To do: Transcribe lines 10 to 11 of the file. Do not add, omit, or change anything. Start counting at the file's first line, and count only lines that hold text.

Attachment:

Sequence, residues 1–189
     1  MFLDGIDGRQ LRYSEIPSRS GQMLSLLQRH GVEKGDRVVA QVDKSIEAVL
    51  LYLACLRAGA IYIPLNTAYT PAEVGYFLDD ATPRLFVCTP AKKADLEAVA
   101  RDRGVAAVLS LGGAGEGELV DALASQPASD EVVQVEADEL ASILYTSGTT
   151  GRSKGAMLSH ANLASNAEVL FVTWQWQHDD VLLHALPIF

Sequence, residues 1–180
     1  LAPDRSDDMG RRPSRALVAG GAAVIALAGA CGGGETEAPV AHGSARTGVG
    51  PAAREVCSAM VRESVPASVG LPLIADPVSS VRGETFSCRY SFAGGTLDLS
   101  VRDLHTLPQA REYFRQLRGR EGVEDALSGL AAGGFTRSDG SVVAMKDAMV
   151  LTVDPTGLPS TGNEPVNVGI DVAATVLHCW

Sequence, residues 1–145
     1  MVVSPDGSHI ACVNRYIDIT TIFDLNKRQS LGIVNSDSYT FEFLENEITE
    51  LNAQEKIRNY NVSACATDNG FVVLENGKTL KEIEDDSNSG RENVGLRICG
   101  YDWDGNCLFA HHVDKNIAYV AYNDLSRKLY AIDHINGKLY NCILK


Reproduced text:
   151  LTVDPTGLPS TGNEPVNVGI DVAATVLHCW

Sequence, residues 1–145